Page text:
Russia Reform Monitor No. 2358

Related Categories: Democracy and Governance; Human Rights and Humanitarian Issues; International Economics and Trade; Public Diplomacy and Information Operations; Europe; Africa

CRACKDOWN ON JEHOVAH'S WITNESSES CONTINUES
A western Russian court has handed down a vindictive sentence to another follower of the Jehovah's Witnesses, marking the latest in a series of politically-driven convictions of members of the tiny religious group. On December 13th, Vladimir Alushkin was convicted on charges of extremist activity for his role in running one of Russia's few remaining branches of Jehovah's Witnesses and now faces a six-year prison sentence. Members have faced legal persecution in Russia ever since a 2017 law labeled the group an extremist organization and banned it from practicing its tenets. Jarrod Lopes, a New York-based spokesman for the organization, called Alushkin's sentence "one of the harshest imposed" since the ban and derided the state of religious freedom in Russia as "reminiscent of Soviet times." (Reuters, December 13, 2019)

STUDYING ABROAD: THE NEWEST "UNDESIRABLE" ACTIVITY?
A proposal circulating in the Russian parliament suggests a new level of official paranoia about foreign influence on Russian students. The Duma's special commission on foreign meddling – set up in the wake of this summer's mass protests in Moscow, which the Kremlin maintains were instigated by foreign governments – has advised that students who take "undesirable" courses while abroad might face some kind of penalty on their return home. Vasily Piskaryov, the commission's chair, asserted that "the most common form [of foreign interference] is training future 'specialists' abroad" who can then go on to conduct activities that the Kremlin considers "undesirable" – such as grooming their own candidates for Russian elections. Piskaryov pointed to the Czech Republic, Finland, and the Baltic states as the most likely hubs for these trainings. (The Moscow Times, December 13, 2019)

ANOTHER INCENTIVE FOR AFRICA?
Moscow appears to be eyeing another lever of potential influence in its burgeoning African relationships. Russian Deputy Finance Minister Alexei Moiseev announced in a December interview that the ban currently preventing the Central African Republic (CAR) from exporting diamonds should be lifted, allowing the country to engage in full export of the gemstones for the first time since 2013.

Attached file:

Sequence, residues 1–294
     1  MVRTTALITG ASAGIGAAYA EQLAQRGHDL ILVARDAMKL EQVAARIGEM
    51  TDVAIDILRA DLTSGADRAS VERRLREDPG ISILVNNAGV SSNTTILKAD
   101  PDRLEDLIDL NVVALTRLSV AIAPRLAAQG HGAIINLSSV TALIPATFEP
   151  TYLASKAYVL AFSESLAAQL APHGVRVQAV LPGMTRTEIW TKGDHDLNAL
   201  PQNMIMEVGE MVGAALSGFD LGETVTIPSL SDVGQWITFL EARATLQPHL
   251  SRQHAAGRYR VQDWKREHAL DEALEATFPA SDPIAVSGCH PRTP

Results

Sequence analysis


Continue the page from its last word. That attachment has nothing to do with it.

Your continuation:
Moiseev's suggestion to create a roadmap for the legalization of CAR diamonds comes as Russia prepares to assume the rotating chair of the Kimberley Process – the international regulatory initiative that oversees the diamond trade – while simultaneously strengthening military and commercial relationships with the CAR. However, the European Union is likely to oppose any lifting of the ban, and – while declining to comment directly on the diamond road map proposal – a U.S. State Department spokesperson described Russia's relationship with the African nation as seeking to "exploit the country's fragile institutions and weak rule of law rather than supporting good governance, transparency, and sound economic growth." (Bloomberg, December 15, 2019)

US/EU IMAGE IMPROVES AMONG RUSSIANS
The latest results from independent pollster Levada Center show that the attitude of the average Russian toward the West may be improving. Of the 1,616 individuals polled at the end of November, 47 percent of respondents indicated that they had a positive view of the United States, while 52 percent had a positive view of the European Union. These results show a marked uptick over May 2018, when positive views of the U.S. and EU were expressed by only 20 percent and 28 percent of respondents, respectively. (The Moscow Times, December 17, 2019)

[EDITOR'S NOTE: Given the effect of Russia's increasingly authoritarian political climate on pollsters and respondents alike, the results of public opinion surveys in Russia should be viewed with some caution.]

A SHOOTING AT THE LUBYANKA
On December 19th, a lone gunman staged an attack outside Russia's primary intelligence agency, killing two and wounding at least five. Police cordoned off the area near Moscow's Lubyanka Square, the main headquarters of the Federal Security Service (FSB), and FSB representatives confirmed that the attacker was quickly "neutralized." The shooting took place on a day dedicated to honoring security service workers, and at the time of the attack, Russian president Vladimir Putin was nearby giving an opening speech at a gala for the occasion. While few details have surfaced about the nature of the attack or the perpetrator's identity, the Ministry of Health reported that three of the victims were FSB officers, and the Investigative Committee confirmed that a criminal inquiry into the attack is now underway. (CNN, December 19, 2019)